You’ve come a long way baby! Remember that long ago slogan? Have women really come a long way?
Women make up 50 percent of law school graduates but only 15 percent of equity partners in Am Law 200 law firms. According to the 2010 Catalyst Consensus, companies surveyed report that women hold 17.7 percent of senior office positions. I provide the law firm and business numbers because arbitrators and mediators include both lawyers and non-lawyers. Women who are equity partners and senior business leaders will surely be successful arbitrators and mediators.
However, a recent study by Gus Van Harten reports the dearth of women arbitrators appointed to resolve investment treaty cases. He reported that of the 631 arbitrator appointments in investment treaty cases through May 2010, only 41 were women (6.5 percent of all appointments). The number of women who are arbitrators and mediators has increased, but based on anecdotal evidence, they are not being selected to serve on cases in proportionate numbers. The full study is available in the February 2012 issue of Columbia FDI Perspectives, http://www.vcc.columbia.edu/content/fdi-perspectives.
This bar year, the Section of Dispute Resolution established a Task Force on Women in Dispute Resolution (WIDR). One of the goals of the task force is to undertake a survey to determine the frequency women are appointed as neutrals, the types of cases they resolve, and what motivates the selection of a woman. The goal is not only to collect the information and report the findings, but also to raise consciousness about considering women when determining who to select to resolve a dispute.
The articles in the spring issue of Dispute Resolution Magazine focus on gender in negotiation. Professor Carrie Menkel-Meadow broadens the discussion to include the differences that gender makes to parties and lawyers as well as dispute resolvers. She concludes that gender differences may be relevant but when added to other factors when selecting a neutral, may not be as determinative as we would like to believe. Susan Coleman and Dorothy Weaver review the literature written about women and negotiation. They highlight how gender may help or hinder negotiations and offer suggestions to improve negotiation skills. Deborah Rothman writes on gender diversity in arbitrator selection, offering several explanations for the dearth of women on commercial arbitration panels. Gina Miller offers women practical tips on building a practice as a neutral. She includes probing questions to help develop a business plan and focus networking activities. Joe Garrison reports on perceived differences in arbitrators and mediators that are related to being a man or woman. He discusses gender management styles, how women are evolving in the business, and that as more women break the glass ceiling, there will be a commensurate increase in confidence in women as decision makers resolving disputes.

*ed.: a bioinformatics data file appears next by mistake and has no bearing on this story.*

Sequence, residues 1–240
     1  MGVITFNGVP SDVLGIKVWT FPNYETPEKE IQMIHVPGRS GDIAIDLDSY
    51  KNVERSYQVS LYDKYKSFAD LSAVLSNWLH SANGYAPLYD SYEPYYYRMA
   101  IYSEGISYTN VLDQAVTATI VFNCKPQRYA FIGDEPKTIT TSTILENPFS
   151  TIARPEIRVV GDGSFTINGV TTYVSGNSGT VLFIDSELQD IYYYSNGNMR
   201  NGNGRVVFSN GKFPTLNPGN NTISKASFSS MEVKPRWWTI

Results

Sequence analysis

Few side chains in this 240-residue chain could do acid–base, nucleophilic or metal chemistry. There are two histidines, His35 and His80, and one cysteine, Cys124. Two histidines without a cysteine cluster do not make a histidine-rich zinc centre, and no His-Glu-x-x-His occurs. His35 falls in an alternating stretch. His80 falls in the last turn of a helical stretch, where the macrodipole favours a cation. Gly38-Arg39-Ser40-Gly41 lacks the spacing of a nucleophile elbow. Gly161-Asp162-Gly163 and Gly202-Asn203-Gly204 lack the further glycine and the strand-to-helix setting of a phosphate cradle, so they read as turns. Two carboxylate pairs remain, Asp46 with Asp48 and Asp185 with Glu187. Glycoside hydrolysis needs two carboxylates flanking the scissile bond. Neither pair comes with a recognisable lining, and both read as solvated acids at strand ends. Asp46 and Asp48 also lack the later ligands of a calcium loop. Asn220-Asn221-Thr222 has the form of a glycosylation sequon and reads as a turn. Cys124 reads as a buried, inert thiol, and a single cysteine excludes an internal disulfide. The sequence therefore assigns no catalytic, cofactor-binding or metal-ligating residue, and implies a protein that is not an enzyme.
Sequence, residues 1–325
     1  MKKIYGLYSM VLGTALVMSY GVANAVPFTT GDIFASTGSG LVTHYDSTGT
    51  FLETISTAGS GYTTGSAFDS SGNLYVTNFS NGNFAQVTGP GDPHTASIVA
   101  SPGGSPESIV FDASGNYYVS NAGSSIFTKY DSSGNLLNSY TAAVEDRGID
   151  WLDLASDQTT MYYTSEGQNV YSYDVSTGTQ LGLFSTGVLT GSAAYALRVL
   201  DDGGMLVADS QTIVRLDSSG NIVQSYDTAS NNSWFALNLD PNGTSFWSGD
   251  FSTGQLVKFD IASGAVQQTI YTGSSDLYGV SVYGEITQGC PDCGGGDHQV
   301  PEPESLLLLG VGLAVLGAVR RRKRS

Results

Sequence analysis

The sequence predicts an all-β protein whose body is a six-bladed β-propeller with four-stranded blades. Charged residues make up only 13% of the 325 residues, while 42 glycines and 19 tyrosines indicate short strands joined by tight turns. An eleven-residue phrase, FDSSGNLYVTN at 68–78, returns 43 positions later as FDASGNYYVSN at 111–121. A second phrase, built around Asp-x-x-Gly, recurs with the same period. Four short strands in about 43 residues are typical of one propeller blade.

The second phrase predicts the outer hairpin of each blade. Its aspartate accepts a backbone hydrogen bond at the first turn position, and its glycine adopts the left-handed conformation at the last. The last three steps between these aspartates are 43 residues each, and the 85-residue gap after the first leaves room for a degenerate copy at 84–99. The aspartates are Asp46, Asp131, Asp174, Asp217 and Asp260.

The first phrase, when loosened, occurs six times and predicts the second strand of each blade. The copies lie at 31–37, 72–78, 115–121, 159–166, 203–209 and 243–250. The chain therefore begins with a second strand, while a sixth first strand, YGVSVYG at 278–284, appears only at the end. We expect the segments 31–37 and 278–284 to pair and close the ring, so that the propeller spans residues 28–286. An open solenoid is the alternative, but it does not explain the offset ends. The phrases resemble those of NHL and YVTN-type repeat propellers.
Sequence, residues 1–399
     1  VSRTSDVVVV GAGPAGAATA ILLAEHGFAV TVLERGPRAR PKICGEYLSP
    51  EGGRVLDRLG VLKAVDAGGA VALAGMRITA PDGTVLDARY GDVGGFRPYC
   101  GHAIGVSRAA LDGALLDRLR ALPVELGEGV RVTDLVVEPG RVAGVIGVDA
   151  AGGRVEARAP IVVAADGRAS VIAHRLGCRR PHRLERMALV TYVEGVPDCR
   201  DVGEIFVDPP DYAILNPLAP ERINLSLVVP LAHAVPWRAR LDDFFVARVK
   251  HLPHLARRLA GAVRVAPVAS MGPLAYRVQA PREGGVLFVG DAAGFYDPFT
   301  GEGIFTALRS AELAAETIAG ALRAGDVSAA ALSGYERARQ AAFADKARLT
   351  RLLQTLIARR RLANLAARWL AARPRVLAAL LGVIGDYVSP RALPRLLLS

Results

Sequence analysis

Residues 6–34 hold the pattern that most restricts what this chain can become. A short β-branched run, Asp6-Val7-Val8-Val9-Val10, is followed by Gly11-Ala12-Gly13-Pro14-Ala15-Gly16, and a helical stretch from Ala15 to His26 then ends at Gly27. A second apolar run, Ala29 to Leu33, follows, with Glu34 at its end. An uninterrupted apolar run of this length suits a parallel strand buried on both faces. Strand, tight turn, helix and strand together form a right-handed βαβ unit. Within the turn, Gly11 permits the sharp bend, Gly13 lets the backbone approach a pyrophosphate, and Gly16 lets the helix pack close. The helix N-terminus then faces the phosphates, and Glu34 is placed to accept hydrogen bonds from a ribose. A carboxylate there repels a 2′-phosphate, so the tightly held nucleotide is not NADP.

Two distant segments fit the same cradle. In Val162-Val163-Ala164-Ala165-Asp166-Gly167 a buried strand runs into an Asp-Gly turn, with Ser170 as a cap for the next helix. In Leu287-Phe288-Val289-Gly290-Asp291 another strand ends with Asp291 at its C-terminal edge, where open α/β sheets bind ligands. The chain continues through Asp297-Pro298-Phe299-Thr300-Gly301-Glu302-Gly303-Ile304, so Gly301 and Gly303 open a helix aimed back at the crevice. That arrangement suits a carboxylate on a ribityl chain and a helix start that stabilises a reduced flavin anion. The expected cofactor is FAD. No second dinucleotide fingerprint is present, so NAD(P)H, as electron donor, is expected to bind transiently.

All of these articles will stretch your mind and push you to think about being more inclusive the next time you are selecting or recommending a dispute resolver. However, what can women do to speed up the process? I suggest that there are a few things that we, as women, can do that will make a difference to be successful dispute resolution professionals.
First, be yourself. When I first entered the job market, I went to an interview with a bow tie finishing my business suit. The interviewer quickly disabused me of the fact that I had to dress like a man to get the job. Find your own style or voice. It is a mistake to be like a man or be someone you are not. Your natural style will lead you to success by increasing your confidence and demonstrate your authenticity.
Second, use your communications skills. Women are natural communicators. They excel at developing relationships and building networks. Don’t be shy about exploiting your network and showcasing your capabilities. No one will tout your horn better than you.
Third, help others. In some employment sectors, women are perceived to undermine other women and sabotage their efforts. Women should promote other women.
Fourth, be a leader. Leaders engender trust and confidence. If we know one thing it is that mediators and arbitrators are selected because they are trusted to help the parties resolve a dispute. Demonstrating leadership builds that trust and confidence that will go a long way to your next selection.
Fifth, remember you are always interviewing for a new job. You never know who will recommend you for your next job. Always put your best foot forward, be sincere, and be natural.
Finally, take chances. Be confident in your skills and expertise. Sometimes to get ahead you may need to take chances before you think you are ready. Success after taking those chances is very gratifying.
Deborah Masucci is Chair of the American Bar Association Section of Dispute Resolution and Vice President of the Office of Dispute Resolution at Chartis. She can be reached at firstname.lastname@example.org.